in chemical reactions:
Atoms aren't created, destroyed or modified in chemical reactions.
A chemical reaction is a
rearrangement of the atoms
in order to form new molecules. This happens in three steps:
Molecules collide to each other.
As a result of this, bonds are broken.
New bonds are formed.
In a chemical reaction, some substances
transform in others
Law of conservation
of mass
A. Lavoisier, 1774:
The mass of a system doesn't change during a chemical reaction.
The total mass of reactants equals the total mass of products.
This happens because there is the same number of atoms before and after the reaction.
Law of definite proportions
J. L. Proust, 1806:
When two elements react to form a compound, they always do it in the same proportion.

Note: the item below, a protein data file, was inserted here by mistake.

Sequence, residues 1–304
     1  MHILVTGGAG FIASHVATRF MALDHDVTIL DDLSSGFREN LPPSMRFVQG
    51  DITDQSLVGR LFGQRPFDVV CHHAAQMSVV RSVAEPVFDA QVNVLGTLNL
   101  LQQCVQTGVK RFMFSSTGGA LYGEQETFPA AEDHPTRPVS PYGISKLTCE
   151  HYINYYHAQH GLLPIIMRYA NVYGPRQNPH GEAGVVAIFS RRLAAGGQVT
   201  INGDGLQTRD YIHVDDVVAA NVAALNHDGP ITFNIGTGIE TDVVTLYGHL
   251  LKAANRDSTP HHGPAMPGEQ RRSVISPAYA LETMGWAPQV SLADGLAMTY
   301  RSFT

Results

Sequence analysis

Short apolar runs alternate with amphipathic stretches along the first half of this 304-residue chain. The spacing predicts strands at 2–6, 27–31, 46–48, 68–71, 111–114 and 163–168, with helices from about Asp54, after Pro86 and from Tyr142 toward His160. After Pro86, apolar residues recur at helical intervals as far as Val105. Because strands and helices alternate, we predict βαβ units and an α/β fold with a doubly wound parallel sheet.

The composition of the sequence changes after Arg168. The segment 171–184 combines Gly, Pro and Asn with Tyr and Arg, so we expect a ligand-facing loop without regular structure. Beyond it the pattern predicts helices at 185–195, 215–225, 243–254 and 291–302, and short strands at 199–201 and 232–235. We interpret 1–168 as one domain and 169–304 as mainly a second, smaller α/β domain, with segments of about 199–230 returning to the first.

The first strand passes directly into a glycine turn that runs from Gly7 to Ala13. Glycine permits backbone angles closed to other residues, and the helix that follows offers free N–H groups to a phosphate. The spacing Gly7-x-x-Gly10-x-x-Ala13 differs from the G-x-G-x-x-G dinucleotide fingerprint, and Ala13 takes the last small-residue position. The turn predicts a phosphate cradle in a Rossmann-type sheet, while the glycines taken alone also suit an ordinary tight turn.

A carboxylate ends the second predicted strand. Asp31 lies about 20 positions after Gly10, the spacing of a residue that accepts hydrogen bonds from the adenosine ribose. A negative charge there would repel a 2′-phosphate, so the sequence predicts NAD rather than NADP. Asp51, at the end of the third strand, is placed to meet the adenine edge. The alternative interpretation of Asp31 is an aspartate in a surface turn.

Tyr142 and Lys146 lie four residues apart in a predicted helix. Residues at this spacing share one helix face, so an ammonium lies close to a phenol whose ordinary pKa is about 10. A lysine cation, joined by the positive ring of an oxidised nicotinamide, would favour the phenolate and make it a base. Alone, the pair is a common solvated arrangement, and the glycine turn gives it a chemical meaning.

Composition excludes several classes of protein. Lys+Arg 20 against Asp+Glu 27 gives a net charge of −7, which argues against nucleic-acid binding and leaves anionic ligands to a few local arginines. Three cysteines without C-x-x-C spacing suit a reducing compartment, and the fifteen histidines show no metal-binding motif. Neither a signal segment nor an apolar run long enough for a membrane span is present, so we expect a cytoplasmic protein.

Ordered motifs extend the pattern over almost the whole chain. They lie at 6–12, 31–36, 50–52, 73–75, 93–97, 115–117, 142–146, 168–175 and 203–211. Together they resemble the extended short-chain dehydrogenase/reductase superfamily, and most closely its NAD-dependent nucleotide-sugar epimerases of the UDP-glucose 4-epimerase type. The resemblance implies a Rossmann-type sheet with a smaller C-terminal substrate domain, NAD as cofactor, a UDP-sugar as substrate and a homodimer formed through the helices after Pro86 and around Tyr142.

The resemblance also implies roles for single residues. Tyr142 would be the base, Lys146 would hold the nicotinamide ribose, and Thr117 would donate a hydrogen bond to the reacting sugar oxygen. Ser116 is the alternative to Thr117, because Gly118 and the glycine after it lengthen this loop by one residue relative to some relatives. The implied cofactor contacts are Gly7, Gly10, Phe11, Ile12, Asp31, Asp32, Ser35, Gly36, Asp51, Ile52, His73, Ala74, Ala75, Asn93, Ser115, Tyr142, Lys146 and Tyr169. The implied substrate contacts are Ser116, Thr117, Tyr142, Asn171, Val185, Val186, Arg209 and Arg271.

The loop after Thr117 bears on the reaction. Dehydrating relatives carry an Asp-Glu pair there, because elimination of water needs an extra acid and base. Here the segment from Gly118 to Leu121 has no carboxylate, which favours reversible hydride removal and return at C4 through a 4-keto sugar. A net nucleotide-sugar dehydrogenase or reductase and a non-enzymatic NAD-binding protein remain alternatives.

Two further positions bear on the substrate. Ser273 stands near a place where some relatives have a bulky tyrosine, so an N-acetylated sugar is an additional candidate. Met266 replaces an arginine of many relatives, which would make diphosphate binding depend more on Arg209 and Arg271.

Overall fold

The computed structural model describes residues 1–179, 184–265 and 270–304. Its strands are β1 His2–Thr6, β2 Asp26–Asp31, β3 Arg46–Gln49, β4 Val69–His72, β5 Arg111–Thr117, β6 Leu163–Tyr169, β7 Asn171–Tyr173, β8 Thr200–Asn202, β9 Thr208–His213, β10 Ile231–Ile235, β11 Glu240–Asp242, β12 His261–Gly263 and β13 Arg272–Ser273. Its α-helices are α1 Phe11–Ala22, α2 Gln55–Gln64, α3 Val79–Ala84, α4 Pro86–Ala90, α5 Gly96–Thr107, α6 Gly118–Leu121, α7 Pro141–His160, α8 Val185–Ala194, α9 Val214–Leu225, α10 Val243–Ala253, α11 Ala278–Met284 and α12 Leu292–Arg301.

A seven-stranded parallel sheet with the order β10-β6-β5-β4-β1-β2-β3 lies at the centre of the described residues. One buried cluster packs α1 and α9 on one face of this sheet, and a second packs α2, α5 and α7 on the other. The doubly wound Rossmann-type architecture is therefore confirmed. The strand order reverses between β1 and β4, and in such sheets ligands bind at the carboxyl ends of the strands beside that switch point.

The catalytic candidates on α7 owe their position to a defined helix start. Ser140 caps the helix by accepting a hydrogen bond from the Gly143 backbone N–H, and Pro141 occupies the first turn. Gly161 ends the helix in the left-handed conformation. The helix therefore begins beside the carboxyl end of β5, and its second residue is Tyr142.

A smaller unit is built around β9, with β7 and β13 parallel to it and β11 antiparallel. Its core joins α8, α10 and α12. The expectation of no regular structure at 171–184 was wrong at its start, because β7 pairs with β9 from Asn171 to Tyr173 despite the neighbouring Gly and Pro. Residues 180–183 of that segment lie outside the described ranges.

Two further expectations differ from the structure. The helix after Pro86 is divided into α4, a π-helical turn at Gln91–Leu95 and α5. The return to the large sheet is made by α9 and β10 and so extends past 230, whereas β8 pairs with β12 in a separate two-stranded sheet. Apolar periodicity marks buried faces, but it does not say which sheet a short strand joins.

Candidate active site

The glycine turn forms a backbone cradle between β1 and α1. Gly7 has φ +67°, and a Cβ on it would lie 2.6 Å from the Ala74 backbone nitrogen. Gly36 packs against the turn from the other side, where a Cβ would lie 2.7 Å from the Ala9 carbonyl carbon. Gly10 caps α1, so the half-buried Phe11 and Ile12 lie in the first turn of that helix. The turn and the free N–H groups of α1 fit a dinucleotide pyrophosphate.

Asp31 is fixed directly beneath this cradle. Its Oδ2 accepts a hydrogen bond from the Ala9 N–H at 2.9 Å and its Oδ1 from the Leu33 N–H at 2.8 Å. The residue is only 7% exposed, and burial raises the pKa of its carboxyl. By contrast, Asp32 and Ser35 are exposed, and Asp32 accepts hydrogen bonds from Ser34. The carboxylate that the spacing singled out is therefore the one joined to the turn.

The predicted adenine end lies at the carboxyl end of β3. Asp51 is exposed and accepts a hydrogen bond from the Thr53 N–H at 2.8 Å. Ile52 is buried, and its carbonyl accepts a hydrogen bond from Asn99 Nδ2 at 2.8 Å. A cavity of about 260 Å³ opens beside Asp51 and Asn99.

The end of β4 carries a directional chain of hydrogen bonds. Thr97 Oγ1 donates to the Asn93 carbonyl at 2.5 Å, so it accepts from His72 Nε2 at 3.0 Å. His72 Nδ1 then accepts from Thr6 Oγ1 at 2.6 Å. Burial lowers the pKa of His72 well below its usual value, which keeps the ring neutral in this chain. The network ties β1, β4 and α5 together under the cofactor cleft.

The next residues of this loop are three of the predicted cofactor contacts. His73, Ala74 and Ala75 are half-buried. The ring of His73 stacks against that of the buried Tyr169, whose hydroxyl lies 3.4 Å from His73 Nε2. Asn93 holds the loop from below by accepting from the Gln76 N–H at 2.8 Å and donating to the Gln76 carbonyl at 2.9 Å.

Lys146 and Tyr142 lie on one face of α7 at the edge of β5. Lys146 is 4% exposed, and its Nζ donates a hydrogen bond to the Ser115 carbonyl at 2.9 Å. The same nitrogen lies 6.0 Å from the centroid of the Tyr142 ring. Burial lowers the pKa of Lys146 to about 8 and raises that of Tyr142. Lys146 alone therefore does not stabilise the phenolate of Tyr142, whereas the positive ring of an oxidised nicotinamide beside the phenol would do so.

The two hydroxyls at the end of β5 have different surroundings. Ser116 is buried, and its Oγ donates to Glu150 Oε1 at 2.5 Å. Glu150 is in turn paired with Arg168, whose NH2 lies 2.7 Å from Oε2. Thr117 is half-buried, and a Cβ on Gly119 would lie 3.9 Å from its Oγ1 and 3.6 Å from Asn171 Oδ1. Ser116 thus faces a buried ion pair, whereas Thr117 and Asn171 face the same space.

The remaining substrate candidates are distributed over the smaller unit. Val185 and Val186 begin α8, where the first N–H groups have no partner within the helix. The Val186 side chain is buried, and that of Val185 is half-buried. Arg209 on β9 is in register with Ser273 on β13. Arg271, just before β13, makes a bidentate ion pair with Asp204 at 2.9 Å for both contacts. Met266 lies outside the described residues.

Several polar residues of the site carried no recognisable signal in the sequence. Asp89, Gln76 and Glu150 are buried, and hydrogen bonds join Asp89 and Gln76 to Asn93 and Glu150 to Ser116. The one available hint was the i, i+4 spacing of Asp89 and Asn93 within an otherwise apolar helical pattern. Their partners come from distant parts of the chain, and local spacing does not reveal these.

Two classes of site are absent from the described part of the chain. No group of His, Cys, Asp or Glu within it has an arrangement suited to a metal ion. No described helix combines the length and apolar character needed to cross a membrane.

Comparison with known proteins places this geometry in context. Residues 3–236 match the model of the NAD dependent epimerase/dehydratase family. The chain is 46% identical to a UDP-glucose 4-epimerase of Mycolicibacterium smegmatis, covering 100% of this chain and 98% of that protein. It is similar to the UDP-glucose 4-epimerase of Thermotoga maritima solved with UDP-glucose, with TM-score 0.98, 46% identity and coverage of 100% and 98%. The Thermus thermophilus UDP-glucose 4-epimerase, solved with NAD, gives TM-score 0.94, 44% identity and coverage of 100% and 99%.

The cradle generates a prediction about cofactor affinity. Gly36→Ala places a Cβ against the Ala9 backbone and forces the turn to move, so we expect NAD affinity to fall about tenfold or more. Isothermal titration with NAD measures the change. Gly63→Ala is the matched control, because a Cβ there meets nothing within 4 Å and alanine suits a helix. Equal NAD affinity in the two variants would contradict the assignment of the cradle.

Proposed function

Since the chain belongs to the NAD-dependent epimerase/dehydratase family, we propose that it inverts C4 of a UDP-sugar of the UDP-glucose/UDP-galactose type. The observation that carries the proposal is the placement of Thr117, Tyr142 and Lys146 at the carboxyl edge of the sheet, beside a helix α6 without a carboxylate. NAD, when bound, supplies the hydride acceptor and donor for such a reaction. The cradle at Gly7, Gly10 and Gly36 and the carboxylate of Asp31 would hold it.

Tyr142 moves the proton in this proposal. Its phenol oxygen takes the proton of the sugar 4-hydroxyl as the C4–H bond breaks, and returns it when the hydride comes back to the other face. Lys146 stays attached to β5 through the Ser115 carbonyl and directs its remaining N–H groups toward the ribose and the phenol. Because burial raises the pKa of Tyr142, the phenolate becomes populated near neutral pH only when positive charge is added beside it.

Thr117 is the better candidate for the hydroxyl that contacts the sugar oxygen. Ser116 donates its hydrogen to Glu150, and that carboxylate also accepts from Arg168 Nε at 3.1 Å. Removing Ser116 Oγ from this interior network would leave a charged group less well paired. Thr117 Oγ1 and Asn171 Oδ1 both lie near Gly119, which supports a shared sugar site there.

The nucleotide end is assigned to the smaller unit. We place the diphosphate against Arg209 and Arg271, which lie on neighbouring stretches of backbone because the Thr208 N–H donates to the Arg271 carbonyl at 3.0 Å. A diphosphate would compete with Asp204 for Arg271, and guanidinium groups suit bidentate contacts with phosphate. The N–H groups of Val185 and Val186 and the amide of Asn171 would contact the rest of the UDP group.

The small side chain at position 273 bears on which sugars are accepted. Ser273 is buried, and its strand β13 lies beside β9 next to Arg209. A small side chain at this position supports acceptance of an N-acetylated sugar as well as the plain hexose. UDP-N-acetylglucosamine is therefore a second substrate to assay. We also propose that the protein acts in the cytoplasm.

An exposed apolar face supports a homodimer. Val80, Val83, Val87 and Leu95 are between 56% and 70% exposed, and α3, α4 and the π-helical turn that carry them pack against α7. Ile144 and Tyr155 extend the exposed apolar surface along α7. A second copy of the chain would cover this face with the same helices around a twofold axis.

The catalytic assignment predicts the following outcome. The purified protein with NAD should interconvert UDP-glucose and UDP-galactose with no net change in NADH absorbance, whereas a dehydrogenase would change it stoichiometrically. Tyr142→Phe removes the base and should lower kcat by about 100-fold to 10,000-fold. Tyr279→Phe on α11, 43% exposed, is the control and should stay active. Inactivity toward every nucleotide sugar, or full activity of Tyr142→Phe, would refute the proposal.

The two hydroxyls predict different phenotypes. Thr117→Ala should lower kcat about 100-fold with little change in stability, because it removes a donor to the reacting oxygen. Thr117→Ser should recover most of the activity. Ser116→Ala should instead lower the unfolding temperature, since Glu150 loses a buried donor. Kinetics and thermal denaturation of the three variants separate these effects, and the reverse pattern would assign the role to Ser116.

The proportion is given by the atomic masses of both elements.
8 g of O react with 1 g of H and produce 9 g of water.
Proportion O:H = 8 g/1 g = 8
20 g of O react with 2.5 g of H and produce 22.5 g of water.
Proportion O:H = 20 g/2.5 g = 8
If the elements are not in the right proportion, one of them will partially remain
The mass in Chemistry
Atoms and molecules are really tiny. Measuring their masses in grams doesn't make sense:
Unit of atomic mass (u):
one twelfth of the mass of an atom of carbon-12.
Atomic mass of an element:
is the average mass of all its isotopes.
Molecular mass of a compound:
the add of the masses of all the atoms in its formula.
H2SO4 -> M = 2 · 1 u + 32 u + 4 · 16 u = 98 u
CaCl2 -> M = 40 u + 2 · 35.5 u = 111 u